Partly, I’m scared that the forty-plus years of history I’ve seen unfold so far are already going to start repeating themselves. Or undoing themselves. I’m a late Gen Xer. I was born after Stonewall… but not that long after. Nancy Regan’s “Just Say No” project is inseparable from my childhood memories. And last year when I wrote about HIV I talked a little bit about about queer history and the legacy of my generation. What happens if we have to go underground again? I’ll tell you what happens, because I lived it. People like me will grow up thinking there are no queer role-models. Thinking that who they are is just wrong.
Because straight people almost automatically have straight role-models. But queer kids aren’t usually born into families that teach them how to be queer people. And we need those role-models just as much as the straights do. I wrote about that a few weeks ago. Queer kids need people around them to teach them how to navigate things like minority stress. When you share a minority identity with the adults in your family, with other people around you, you have a built in support system. Someone you can go home to when things are overwhelming. Someone to help you recognize and accept your own queerness and even learn to love it.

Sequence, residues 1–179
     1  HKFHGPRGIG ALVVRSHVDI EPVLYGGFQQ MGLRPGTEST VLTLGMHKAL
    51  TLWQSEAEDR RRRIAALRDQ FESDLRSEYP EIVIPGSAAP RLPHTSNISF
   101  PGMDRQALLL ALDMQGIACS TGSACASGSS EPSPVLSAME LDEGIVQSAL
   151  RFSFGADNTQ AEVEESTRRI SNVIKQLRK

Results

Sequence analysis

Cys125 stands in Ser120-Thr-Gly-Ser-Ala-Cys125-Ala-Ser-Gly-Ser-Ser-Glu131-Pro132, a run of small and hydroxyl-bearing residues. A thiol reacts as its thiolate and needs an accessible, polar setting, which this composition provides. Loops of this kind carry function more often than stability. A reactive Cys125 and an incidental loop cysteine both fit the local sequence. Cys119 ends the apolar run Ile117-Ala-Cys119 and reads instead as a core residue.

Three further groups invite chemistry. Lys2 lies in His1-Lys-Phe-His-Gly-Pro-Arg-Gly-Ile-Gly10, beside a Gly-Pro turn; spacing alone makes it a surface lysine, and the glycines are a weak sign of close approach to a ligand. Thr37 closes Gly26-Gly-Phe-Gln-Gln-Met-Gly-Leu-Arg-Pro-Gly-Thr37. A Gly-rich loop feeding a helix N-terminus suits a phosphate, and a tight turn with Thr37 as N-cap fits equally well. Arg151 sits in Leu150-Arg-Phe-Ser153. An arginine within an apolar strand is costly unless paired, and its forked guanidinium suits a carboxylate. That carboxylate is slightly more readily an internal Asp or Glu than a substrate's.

Pride Means… Queer Rights are Human Rights
But what happens when we start seeing all of these things rolled back? Even the bold voices may become a little quieter as we learn to navigate a world that suddenly feels more dangerous. We saw things like suicide rates among LGBTQ youth decline after same-sex marriage laws went into effect. We know social policy affects things like mental health. Not only that, those voices of support are also going to be working even harder to keep themselves afloat. We know what it’s like when the lights are dimmer. When your rights are called “special rights” not “civil rights” or “equal rights” or “human rights.” I’ve seen years of forward motion, of progress. Of things getting better. I don’t want to go backwards. And I’m scared that we will.